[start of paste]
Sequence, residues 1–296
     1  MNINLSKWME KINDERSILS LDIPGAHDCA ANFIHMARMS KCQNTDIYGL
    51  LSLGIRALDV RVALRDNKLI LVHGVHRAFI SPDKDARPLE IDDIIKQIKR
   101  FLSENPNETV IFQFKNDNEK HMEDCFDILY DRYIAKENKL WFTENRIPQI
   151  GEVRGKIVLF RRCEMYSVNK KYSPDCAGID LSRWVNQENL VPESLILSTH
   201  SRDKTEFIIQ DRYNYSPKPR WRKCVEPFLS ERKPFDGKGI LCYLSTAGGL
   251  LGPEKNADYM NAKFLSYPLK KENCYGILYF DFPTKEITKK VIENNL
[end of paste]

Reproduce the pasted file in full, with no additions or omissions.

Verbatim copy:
Sequence, residues 1–296
     1  MNINLSKWME KINDERSILS LDIPGAHDCA ANFIHMARMS KCQNTDIYGL
    51  LSLGIRALDV RVALRDNKLI LVHGVHRAFI SPDKDARPLE IDDIIKQIKR
   101  FLSENPNETV IFQFKNDNEK HMEDCFDILY DRYIAKENKL WFTENRIPQI
   151  GEVRGKIVLF RRCEMYSVNK KYSPDCAGID LSRWVNQENL VPESLILSTH
   201  SRDKTEFIIQ DRYNYSPKPR WRKCVEPFLS ERKPFDGKGI LCYLSTAGGL
   251  LGPEKNADYM NAKFLSYPLK KENCYGILYF DFPTKEITKK VIENNL